We have filmed and described this pass from south to north. At the start, the road crosses a bridge over the Vanstraatensvlei River, then immediately begins to ascend as the road follows a long, shallow left-hand curve. At the 600 metre mark, there is an intersection to your right, and the gradient kicks up as the road straightens into a north-westerly direction. The summit is visible ahead of you, and the gradient gets even steeper as you approach. The road condition
deteriorates quite badly here, due to washaways from the rain, so adjust your speed accordingly.

Old Rietfontein farm houseThe old Rietfontein farm house / Photo: Mike LeicesterThe red clay surface of the road is no problem in the dry, but would become a nightmare when wet, even if you are in a 4 wheel drive vehicle. The summit is reached after 1.4 kms, and the road then curves back in a right-hand turn towards the north. The descent is gradual and straight, and the end of the pass is reached after 2.8 kms. There is a field filled with hundreds of protea bushes on your left; this would probably be absolutely magnificent in midsummer when these beautiful flowers begin to bloom, particularly after good rains.

The small town of Swartruggens was founded in 1875 on the farms Brakfontein and Scheepersrus. It takes its name from a series of hills in the area, formerly known as Zwartruggens, a Dutch word for “black ridges”. It is situated on the Elands River, and is roughly equidistant between the towns of Rustenburg and Zeerust, all of them located on the N4 national highway which spans the northern part of South Africa on an east-west axis.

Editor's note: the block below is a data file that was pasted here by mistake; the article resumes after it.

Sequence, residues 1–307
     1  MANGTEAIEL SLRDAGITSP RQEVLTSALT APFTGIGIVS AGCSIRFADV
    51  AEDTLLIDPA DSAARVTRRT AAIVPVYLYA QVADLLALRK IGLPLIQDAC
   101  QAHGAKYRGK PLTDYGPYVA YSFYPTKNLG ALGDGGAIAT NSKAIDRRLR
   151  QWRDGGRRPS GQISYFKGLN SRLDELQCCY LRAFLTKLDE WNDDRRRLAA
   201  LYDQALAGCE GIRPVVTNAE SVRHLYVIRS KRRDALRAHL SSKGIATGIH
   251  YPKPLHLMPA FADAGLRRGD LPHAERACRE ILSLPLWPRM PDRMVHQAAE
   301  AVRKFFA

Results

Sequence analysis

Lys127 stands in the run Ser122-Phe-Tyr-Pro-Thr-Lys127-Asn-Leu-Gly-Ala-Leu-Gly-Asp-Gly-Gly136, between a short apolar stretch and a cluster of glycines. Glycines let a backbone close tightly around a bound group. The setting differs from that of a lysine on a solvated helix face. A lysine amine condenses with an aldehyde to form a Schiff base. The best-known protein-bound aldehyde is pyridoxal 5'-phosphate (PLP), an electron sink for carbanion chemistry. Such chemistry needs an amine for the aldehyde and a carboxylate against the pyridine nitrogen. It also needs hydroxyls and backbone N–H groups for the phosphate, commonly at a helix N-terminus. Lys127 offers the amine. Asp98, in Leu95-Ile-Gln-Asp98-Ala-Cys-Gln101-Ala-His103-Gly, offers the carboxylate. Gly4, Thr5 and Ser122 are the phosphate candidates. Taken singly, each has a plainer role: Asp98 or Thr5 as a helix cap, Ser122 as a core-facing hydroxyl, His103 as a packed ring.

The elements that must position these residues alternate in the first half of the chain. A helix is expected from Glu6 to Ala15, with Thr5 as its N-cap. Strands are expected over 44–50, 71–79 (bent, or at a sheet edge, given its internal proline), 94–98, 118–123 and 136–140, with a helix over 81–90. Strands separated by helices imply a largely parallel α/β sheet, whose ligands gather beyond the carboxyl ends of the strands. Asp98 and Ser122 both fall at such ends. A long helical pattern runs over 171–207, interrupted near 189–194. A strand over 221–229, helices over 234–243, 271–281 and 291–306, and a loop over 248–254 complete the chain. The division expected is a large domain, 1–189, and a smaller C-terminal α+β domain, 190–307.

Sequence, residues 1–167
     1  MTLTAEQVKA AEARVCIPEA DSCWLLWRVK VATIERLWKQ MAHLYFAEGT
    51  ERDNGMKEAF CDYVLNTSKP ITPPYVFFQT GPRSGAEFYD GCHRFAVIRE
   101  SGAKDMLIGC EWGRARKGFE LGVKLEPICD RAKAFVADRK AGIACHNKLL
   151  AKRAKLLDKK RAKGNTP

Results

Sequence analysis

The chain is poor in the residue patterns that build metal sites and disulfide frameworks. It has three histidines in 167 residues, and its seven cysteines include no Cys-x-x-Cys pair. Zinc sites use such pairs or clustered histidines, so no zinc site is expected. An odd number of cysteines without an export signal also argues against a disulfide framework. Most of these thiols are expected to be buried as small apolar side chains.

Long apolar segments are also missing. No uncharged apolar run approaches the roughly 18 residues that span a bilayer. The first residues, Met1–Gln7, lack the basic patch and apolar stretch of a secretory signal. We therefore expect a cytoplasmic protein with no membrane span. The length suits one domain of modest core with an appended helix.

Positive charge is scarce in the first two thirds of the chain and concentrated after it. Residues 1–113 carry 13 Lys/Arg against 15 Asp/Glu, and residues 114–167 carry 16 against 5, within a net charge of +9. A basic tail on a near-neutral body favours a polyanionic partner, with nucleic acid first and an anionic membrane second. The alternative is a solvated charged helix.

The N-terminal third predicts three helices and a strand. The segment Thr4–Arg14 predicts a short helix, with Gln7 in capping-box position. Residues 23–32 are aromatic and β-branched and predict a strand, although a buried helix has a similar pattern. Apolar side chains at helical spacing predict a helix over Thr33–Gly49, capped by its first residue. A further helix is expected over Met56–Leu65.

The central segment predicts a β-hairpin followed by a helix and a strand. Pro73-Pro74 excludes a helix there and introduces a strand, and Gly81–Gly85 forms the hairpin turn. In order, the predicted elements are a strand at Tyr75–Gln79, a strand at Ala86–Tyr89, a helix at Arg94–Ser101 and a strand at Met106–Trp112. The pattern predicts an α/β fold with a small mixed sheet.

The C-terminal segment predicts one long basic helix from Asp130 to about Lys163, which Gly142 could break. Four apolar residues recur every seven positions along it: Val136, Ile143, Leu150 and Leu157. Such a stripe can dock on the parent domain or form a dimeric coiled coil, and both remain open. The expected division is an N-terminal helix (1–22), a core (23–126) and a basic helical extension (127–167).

Looking south from GeyersnekLooking south from Geyersnek / Photo Mike LeicesterDiamonds were discovered north of the town in 1932, and today a few small mines and diggings are still operational. Other commercial activities include cattle and game farming, and there are a number of private wildlife lodges in the area.

The town featured prominently in the 2nd Anglo-Boer War. A number of battles took place in the area, including the Siege of Elands River, where Colonel Charles Hore and some 500 of his troops were trapped and besieged by General de la Rey for 13 days. Only when Lord Kitchener was diverted from his fruitless task of searching for the elusive General Christiaan de Wet, and was sent with three brigades to Swartruggens, did the Boer forces withdraw. After the Siege of Mafikeng, Robert Baden-Powell (the founder of the Boy Scouts movement) established a supply depot in Swartruggens as he moved towards Pretoria.

All photographs and text by Mike Leicester

Fact File:


S25.748543 E26.567263


S25.738510 E26.564096


S25.726343 E26.568558














2,8 km




3 minutes


60 kph


Gravel (D1065)






Swartruggens (18 km)

Route Map:

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From Address:

Route files:

||Click to download: Geyersnek Pass  (Note - This is a .kmz file which can be opened in Google earth and most GPS software systems)